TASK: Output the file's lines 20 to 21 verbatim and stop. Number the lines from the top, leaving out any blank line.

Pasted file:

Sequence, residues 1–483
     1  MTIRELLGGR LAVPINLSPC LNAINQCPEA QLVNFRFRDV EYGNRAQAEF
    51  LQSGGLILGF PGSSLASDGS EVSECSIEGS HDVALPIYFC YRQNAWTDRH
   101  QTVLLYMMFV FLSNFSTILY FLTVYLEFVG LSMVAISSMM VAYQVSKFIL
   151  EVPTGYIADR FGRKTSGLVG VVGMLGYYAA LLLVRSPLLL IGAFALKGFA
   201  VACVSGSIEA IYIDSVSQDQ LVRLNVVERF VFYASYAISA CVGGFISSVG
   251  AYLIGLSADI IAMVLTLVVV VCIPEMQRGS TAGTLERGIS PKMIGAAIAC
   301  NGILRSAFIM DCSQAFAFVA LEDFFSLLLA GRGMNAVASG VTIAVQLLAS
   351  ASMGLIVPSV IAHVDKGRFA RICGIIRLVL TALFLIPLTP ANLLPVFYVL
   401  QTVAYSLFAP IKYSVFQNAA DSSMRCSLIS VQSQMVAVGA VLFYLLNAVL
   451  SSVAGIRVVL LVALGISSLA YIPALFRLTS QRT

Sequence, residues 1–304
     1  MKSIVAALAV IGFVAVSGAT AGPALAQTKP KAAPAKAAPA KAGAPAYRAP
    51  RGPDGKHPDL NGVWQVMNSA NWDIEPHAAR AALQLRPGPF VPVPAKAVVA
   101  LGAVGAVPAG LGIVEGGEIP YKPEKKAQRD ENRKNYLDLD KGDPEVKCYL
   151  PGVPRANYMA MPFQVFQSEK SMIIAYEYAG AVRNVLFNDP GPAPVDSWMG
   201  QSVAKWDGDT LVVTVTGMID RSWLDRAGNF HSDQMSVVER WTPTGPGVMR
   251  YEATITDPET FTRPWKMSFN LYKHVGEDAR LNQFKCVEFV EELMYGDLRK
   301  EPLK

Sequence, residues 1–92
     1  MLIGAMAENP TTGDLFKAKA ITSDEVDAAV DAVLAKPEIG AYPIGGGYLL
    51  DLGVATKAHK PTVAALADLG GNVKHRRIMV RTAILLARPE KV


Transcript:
Sequence, residues 1–92
     1  MLIGAMAENP TTGDLFKAKA ITSDEVDAAV DAVLAKPEIG AYPIGGGYLL